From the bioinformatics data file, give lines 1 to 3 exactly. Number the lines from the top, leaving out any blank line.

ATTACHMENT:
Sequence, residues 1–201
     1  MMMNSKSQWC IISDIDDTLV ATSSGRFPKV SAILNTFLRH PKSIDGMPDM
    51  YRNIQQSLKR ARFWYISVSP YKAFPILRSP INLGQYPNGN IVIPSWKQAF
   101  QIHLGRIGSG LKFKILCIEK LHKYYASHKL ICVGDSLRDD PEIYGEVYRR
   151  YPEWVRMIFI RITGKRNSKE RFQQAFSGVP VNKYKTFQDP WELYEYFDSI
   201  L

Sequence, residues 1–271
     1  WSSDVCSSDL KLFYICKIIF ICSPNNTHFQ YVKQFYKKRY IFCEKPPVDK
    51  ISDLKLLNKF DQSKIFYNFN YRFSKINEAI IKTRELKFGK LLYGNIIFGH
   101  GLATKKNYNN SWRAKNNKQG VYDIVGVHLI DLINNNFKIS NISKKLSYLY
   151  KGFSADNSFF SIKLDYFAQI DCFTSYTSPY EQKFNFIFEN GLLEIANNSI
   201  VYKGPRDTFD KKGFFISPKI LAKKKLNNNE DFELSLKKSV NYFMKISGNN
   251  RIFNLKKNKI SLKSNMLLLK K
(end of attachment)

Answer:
Sequence, residues 1–201
     1  MMMNSKSQWC IISDIDDTLV ATSSGRFPKV SAILNTFLRH PKSIDGMPDM
    51  YRNIQQSLKR ARFWYISVSP YKAFPILRSP INLGQYPNGN IVIPSWKQAF